So how does all this apply to our faith.  Let me be clear the gathering of the Saints is mandated by Scripture and empowered by the Holy Spirit.  The problem is when the meetings instead of focusing our faith become the focus of our faith.  When the center of our faith life is in a building instead of in our hearts; that building becomes a cage for the Gospel instead of a launching pad.  The impetus for this is the same as the meeting focused businesses that I have engaged.  We believe that we can find success in our meetings (services, gathering, experiences….).  We can be holy, inspired and powerful inside those four walls.  We are rarely challenged and often supported inside those four walls (unless we find ourselves challenging the culture inside those four walls!).  We are safe in the practice of our faith inside those four walls.  After the conversion of Emperor Constantine in 312 AD Christianity transitioned from a fringe group of Jesus fanatics to the primary religion of Europe.  It was during this period that a corollary to the Meeting Culture developed.  It is the idea that there are special “professional” children of God who really should carry the weight of the Gospel ( re-read Ephesians 4:11-12).  They get to lead the meetings where we can be so successful.  The newest class of these professional Christians is the worship leader.  Again worship is wonderful, but if the top of one’s life in Christ exists only in the midst of well engineered worship sets, we go back to the problem of the meeting culture in business.  The Gospel is contained, not executed.  The personal satisfaction and alleviation of personal responsibility that this culture provided made it grow.  It was easy to move from a fellowship of equals celebrating and sharing the gospel of redemption both together and in their communities to being a culture of meetings and rituals performed by “professional” Christians and from there to the place where the meeting itself became not only a celebration of salvation but the mode of salvation.

There was a time in my life when I measured the health of my faith by the number of meetings I attended.  This week I went to two church services, Wednesday night prayer, a small group, served at youth group and did the Friday morning prayer card session.  I am rocking for the Lord.  Now none of those things is bad.  Not even the collection is bad.  The fact that I used my attendance as a Spiritual scorecard is bad.  Honestly at that time in my life my immersion in the church was probably necessary to my spiritual formation but God had to rip the scorecard out of my hand.  I am particularly stubborn so my grip on that card was pretty tight.  It took pretty intense situations in my life to move me from a meeting scorecard to a biblical scorecard.  Now I know that you are ready for me to lay out all the check boxes on that biblical scorecard.  Sorry, no such luck.  It does  not work that way.  There are two metrics for the scorecard, the Holy Spirit and the Word of God.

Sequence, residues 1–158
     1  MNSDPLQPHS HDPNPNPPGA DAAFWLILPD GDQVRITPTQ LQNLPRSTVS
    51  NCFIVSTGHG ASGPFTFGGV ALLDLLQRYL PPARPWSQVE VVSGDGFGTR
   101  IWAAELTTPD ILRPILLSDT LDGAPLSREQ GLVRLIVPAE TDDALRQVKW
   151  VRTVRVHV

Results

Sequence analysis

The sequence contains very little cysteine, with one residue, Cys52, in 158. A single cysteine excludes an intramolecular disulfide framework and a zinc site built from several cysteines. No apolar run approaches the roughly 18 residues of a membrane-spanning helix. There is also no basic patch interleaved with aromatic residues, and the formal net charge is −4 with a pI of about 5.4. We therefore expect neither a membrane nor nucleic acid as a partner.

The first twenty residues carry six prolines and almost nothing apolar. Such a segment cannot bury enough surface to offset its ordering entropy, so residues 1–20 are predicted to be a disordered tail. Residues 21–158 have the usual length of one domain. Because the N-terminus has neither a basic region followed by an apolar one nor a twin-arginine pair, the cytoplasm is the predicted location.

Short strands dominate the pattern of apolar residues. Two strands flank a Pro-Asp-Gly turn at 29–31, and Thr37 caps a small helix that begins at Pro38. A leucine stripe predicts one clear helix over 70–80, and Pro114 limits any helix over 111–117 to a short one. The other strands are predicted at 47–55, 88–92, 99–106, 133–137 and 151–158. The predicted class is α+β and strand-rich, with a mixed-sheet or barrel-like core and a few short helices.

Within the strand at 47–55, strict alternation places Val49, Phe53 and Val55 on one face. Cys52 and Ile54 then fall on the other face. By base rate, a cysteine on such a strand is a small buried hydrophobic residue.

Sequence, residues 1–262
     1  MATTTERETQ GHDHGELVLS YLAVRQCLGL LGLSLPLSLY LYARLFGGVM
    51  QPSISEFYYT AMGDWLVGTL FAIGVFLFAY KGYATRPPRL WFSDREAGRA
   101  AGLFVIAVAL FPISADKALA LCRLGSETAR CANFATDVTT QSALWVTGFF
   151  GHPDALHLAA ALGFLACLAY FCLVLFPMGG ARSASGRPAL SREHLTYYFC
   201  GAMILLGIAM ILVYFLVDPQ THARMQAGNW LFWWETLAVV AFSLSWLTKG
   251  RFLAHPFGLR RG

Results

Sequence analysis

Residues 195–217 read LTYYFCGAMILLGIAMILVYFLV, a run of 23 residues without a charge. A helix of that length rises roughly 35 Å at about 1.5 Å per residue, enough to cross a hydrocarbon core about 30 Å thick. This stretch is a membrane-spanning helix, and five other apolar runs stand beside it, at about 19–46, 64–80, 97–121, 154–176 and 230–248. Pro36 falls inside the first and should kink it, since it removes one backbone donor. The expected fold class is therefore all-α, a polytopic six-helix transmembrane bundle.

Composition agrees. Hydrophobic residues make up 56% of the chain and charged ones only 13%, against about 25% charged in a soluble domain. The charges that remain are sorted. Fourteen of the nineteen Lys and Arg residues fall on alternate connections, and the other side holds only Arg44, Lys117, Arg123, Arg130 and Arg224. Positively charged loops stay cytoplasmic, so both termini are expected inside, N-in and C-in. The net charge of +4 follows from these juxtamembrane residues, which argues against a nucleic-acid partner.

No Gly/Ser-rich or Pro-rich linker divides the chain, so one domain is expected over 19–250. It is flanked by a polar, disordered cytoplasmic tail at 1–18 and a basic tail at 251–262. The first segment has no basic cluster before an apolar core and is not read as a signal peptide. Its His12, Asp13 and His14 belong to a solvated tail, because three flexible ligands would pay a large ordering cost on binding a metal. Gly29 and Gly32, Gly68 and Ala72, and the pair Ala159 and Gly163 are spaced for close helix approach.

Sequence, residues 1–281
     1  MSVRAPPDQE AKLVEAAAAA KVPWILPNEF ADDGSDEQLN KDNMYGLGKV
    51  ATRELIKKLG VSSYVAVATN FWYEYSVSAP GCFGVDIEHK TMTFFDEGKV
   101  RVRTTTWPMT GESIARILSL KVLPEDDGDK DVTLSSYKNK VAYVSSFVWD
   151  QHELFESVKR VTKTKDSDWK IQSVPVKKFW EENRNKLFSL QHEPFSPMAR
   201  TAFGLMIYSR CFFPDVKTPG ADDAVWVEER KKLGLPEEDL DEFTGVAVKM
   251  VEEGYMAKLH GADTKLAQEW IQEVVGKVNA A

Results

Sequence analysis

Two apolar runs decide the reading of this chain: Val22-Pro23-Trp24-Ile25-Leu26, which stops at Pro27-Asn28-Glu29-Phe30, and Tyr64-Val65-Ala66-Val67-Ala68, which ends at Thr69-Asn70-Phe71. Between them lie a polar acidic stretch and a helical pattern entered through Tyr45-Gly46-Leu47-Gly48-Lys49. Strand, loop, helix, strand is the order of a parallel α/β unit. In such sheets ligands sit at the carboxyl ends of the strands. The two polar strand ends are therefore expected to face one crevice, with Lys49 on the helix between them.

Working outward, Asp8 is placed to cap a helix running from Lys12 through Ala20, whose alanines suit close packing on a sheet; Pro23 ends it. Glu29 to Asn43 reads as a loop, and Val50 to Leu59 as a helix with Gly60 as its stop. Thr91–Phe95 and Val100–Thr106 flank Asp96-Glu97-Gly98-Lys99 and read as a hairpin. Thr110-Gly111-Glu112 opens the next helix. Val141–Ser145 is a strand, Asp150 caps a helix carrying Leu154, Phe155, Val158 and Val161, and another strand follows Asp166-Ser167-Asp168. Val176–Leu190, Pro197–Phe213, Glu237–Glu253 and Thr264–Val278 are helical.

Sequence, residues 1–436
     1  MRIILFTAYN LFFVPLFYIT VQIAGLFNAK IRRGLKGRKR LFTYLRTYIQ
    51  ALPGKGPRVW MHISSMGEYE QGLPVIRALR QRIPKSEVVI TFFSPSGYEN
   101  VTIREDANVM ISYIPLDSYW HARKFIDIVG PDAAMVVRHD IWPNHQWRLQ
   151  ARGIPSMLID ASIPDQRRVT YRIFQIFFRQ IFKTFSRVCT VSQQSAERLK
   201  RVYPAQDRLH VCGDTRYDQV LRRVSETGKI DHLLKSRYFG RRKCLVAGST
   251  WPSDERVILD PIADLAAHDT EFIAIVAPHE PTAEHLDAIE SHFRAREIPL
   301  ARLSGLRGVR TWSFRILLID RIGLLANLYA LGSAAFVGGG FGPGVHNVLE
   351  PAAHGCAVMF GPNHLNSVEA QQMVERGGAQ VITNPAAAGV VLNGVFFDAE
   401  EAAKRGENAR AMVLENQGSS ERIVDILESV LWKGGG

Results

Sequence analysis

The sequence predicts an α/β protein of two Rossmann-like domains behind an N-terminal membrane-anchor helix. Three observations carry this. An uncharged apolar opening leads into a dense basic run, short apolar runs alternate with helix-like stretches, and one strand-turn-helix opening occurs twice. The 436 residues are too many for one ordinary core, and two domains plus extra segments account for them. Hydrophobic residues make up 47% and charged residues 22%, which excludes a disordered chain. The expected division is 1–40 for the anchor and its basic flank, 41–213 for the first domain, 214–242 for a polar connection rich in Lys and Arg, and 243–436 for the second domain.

Jesus tells the disciples in Luke 12 that when they are brought to judgement for their faith, “The Holy Spirit will teach you in that very hour what you ought to say.”  Paul uses the Holy Spirit as a scorecard for his words to the Romans in chapter 9, “I am telling the truth in Christ, I am not lying, my conscience testifies with me in the Holy Spirit,…” and in chapter 14 he sets the Holy Spirit as the scorecard for the very kingdom of God, “for the kingdom of God is not eating and drinking, but righteousness and peace and joy in the Holy Spirit.”  

David says in Psalm 119:11, “Your Word I have treasured in my heart, That I may not sin against You.” and Jesus uses His Word as the metric for a Hupomone life built on the rock in Matthew 7 as compared to the foolish life of the man who did not act on his Word and built his house on the sand.  This is what we do when we center our lives in the house instead of on the foundation.

Build your faith on the Rock.  Fellowship together with purpose (the Gospel) not as a purpose and you will see the hand of God move in and around you like never before.

But in all these things we overwhelmingly conquer through Him who loved us. Romans 8:37

 

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arete

This idea of excellence has been dogging me for some time now.  When I first began to explore the idea of biblical excellence the Greek word arete was the first to come into view.  Such a short word for such a big concept.  While arete can refer to general excellence it carries with it a strong moral component.  It is only used five times in the New Testament, once by Paul in Philippians and the rest by Peter in his two letters.